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Setting a relation

This operation creates a relationship between a parent and child objects. If the parent object already has other related children, the relationship is reset - the child objects identified in this operation become the sole children of the parent. If you're looking for an operation which adds child objects to an existing set of children, see the Adding to a relation chapter of this guide.

Important

It is important that the relation column in the parent table is created before a transaction with the operation runs.

Specific Children

There are multiple "flavors" of this operation, but in its core, it must reference a parent object and one or more child objects. The parent object must have a valid objectIdvalue. The APIs are grouped below by how the parent object is identified - using objectId, as a map, as an instance of a custom class or as a result of a previous operation in the same transaction:

// Set the objects identified with objectId values in the childrenObjectId array
// as children of the parent object identified with parentObjectId. The parent 
// object must be in the table with the parentTableName name. The relationship 
// column between the parent and child objects is columnName. In other words, 
// for the relationship represented through the columnName column, set the child
// objects to the parent object. Both child and parent objects are identified with 
// objectId values.
unitOfWork.setRelation( tableName: string, 
                                parentObjectId: string, 
                                columnName: string, 
                                objectIds: string[] );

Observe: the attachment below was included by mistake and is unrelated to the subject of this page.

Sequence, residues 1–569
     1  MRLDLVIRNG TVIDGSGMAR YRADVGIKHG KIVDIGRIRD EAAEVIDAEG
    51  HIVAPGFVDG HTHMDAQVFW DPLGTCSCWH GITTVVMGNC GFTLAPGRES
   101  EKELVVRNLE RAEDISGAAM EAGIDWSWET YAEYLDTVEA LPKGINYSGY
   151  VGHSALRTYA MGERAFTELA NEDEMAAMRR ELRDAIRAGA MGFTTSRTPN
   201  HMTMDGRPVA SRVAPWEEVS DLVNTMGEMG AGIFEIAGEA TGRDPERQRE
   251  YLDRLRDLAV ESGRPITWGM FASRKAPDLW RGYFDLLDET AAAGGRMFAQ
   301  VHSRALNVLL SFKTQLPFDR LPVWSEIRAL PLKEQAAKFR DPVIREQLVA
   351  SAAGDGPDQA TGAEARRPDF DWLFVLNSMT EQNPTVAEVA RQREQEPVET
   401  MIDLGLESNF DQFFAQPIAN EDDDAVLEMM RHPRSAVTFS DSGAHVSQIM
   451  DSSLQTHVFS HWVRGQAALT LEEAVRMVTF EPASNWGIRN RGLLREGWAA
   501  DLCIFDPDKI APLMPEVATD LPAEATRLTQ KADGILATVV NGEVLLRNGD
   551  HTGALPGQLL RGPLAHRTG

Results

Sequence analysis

// Same as the above with the only difference is the child objects are instances
// of a custom class (YourCustomClassForChild). It is important that 
// YourCustomClassForChild matches the child table name. For example, if the 
// relationship is between tables Person and Address, then the 
// YourCustomClassForChild class must be "Address".
unitOfWork.setRelation( tableName: string, 
                                parentObject: object, 
                                columnName: string, 
                                children: object[] );

// Set the objects represented by the "children" argument as the children of the 
// parent object. The parent object is identified by its objectId with the 
// parentObjectId argument. The parent object must be stored in a table with the
// parentTableName name. The "children" argument is a result of a previous operation
// in the same transaction. It must represent either a collection of string values
// (objectIds) or a collection of objects. This is possible with the following 
// previous operations:
//   - Retrieving objects from the database
//   - Saving multiple objects in the database
// It is important that all child objects referenced by the children argument exist
// in the child table that columnName points to.
unitOfWork.setRelation( tableName: string, 
                                parentObjectId: string, 
                                columnName: string, 
                                children: OpResult );
// Set the objects from the childrenObjectId array as children of parentObject. 
// The array must contain objectId values of the child obbjects. The parent
// object must be in the table with the parentTableName name. The relationship 
// column between the parent and child objects is columnName. In other words, 
// for the relationship represented through the columnName column, set the 
// child objects to the parent object. The parent object is a map of key/value 
// pairs. One of the pairs must be objectId with the corresponding value. The 
// children are identified with their objectId values.
unitOfWork.setRelation( tableName: string, 
                        parentObject: object, 
                        columnName: string, 
                        childrenObjectId: string[] );

// Same as the above with the only difference is the child objects are instannces
// of a custom class. It is important that the class of the children objects 
// matches the child table name. For example, if the relationship is between 
// tables Person and Address, then the class of children objects must be "Address".
unitOfWork.setRelation( tableName: string, 
                        parentObject: object, 
                        columnName: string, 
                        children: object[] );

// Set the objects represented by the "children" argument as the children of